These past few days I have been ranting about how excited I was to watch the new All Star Superman movie and in doing so was more than happy to mention the man who wrote the script for the movie, Dwayne McDuffie. I have enjoyed his comics and cartoons/movies (even before I knew he was involved in making them), and wanted to give proper credit and explanation for why his work is so good. I have never been very good at writing stuff like that (always more technically minded, sorry)… I was going to ask my buddy/cousin Jeremy to write something to put on here to better explain why McDuffie is such a great asset to the Comic community, but I had no idea it would end up being under these circumstances.
Today I was informed of one of the hardest things I’ve had to hear so far in this short year of 2011: Dwayne McDuffie has passed away today (2/22/2011) after a surgery Monday had complications. for those that are wanting to see: http://www.comicbookresources.com/?page=article&id=30969 was the page tweeted to me by Alex Mason (thank you for keeping me updated man). This is something that is really hard for me to deal with at the moment because i just worked 13 hours on 4 hours sleep so for those that are reading this, bare with me because I’m about to go off on a tangent.
Dwayne McDuffie is/was my favorite Comic Book writer to read. Everything he wrote in my opinion was gold. From the co-creator of Milestone Comics (which includes my favorite comic book character period: Static) to the recent run in JLA vol 4 that was hampered severely by Dido’s executive team his writing always stood out to me. He had a way of making you want to know more about the characters he was writing about, a different take than the usual straight forward status quo, and often times he would use often forgotten characters to make the ones he was working with better. He could take a story that many would avoid and work it into a realistic yet fiction setting. A talent like McDuffie can be replaced? but it’ll never be duplicated or respectfully mirrored. He was a man that could break down and rationalize any fight fans could think of (look up McDuffie’s break down of a fight between Superman/Wonder Woman it makes you step back and really think about the characters in a different light) when asked on his forums.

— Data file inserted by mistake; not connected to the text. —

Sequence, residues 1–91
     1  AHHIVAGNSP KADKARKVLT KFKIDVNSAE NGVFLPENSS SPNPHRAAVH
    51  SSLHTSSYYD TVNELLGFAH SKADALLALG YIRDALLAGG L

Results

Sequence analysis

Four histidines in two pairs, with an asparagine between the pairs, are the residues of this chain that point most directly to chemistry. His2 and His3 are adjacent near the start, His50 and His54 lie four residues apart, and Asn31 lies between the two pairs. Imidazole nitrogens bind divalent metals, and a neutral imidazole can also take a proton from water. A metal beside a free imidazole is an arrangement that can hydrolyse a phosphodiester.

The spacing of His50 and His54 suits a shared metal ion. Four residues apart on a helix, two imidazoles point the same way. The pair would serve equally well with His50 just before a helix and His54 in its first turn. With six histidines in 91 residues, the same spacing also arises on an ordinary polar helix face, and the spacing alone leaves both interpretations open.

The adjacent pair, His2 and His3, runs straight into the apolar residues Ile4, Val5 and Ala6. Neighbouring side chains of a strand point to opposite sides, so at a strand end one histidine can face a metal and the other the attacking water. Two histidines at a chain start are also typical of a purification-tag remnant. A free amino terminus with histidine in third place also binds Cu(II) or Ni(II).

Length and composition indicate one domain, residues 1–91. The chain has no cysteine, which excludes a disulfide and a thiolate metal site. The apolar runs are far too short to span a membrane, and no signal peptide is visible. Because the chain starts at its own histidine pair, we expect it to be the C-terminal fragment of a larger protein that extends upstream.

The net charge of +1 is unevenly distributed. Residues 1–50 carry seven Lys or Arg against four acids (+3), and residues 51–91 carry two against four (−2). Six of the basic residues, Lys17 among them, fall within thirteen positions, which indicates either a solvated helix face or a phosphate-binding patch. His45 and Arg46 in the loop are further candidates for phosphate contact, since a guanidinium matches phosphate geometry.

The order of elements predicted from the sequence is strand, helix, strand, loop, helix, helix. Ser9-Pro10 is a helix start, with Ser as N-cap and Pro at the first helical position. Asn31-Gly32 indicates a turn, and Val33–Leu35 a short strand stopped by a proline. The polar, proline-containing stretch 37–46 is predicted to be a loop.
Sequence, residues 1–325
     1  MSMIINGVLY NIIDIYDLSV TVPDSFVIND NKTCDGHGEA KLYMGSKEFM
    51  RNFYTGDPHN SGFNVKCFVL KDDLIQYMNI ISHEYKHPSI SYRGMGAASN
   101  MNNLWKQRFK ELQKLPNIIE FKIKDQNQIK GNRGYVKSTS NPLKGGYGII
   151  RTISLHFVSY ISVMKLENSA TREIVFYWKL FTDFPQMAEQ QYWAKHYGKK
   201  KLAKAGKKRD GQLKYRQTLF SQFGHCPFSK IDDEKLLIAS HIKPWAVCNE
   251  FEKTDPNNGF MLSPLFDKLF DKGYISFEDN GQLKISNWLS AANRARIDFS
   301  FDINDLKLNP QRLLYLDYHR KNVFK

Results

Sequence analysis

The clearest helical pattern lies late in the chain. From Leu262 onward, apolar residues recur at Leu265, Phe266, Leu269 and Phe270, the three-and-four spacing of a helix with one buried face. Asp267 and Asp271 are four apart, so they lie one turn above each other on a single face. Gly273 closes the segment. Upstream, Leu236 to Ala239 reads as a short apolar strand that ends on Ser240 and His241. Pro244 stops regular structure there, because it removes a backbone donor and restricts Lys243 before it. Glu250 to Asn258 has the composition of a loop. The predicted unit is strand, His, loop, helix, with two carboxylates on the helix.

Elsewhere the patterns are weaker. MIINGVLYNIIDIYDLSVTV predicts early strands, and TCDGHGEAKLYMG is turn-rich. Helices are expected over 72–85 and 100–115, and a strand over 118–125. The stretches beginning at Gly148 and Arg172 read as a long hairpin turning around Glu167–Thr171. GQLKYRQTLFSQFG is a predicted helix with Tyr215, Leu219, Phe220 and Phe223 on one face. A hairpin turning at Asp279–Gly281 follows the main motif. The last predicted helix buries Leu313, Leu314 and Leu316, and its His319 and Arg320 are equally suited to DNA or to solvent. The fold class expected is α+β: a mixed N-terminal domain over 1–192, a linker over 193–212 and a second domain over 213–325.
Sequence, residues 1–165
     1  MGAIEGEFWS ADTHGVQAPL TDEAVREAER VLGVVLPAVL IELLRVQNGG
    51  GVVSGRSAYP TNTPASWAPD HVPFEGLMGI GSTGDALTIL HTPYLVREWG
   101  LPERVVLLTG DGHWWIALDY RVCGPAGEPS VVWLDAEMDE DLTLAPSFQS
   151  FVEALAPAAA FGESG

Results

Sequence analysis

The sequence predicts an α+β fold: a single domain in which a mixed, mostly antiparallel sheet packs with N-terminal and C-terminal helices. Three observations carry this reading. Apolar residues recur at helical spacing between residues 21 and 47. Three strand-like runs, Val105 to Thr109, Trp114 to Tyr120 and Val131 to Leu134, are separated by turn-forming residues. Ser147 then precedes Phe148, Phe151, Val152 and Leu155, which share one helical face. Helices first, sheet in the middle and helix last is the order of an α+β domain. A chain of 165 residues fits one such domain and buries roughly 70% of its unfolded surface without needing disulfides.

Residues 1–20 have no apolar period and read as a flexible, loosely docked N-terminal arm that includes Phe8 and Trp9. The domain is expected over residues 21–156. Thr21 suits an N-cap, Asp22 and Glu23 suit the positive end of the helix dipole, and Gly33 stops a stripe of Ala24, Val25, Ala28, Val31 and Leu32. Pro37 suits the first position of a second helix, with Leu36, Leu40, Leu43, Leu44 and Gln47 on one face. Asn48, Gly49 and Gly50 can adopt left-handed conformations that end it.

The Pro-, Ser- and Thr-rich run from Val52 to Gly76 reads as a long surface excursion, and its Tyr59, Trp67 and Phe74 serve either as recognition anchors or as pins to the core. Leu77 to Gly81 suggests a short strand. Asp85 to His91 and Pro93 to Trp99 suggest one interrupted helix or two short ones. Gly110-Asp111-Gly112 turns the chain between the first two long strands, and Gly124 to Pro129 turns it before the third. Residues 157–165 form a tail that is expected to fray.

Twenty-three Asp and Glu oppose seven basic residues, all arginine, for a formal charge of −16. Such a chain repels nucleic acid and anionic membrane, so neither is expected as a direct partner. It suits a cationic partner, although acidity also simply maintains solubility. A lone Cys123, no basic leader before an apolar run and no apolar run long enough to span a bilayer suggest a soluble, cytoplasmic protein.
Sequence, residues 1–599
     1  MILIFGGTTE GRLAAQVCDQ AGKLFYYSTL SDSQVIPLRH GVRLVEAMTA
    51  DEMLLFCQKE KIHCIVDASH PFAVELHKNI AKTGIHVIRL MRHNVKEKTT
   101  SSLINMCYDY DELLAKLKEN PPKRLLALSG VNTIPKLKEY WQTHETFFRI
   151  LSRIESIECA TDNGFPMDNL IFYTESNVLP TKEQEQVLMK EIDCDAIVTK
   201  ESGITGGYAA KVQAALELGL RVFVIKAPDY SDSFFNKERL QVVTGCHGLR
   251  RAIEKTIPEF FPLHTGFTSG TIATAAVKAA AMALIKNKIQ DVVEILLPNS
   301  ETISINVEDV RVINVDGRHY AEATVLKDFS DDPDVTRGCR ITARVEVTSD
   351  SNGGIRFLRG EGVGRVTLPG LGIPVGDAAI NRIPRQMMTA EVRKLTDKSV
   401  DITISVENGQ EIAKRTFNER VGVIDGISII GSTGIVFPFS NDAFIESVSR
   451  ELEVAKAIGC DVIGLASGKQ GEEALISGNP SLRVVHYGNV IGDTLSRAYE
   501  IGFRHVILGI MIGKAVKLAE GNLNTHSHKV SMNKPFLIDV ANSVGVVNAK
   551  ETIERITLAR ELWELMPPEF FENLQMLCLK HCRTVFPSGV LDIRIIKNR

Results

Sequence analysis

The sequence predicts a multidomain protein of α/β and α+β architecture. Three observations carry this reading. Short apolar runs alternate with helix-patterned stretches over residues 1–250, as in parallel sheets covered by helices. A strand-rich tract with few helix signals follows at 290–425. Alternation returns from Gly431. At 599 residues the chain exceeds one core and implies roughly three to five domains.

I’ve yet to read a comic book series as good as the Static 1-45 (owns about 2500+ comics and has read about 2x that). This series covered a lot of REAL issues within each of it’s pages. A lot of DC comics can be broke down into about 4 styles: Superman, Batman, Cosmic, random. By this I mean: Superman: super light side, with a lot of justice yet big blue holding his morals, Batman: grit and schemes and plans and the ‘shadows’ everything dark about the world (note I believe about 70% of comics tailor to this style), Cosmic: space stuff like GLs and Darkseid, Teams: JLA/Teen Titans/JSA/Outsiders/Doom Patrol/REBELS/LoSH/etc. each of those styles cover a different issue of sorts, most avoid the real issues at all possible usually only alluding to them. In Static’s series? you name it it was more then likely in there if a teenager has to deal with it (lol of course not everything, but it did a really good job).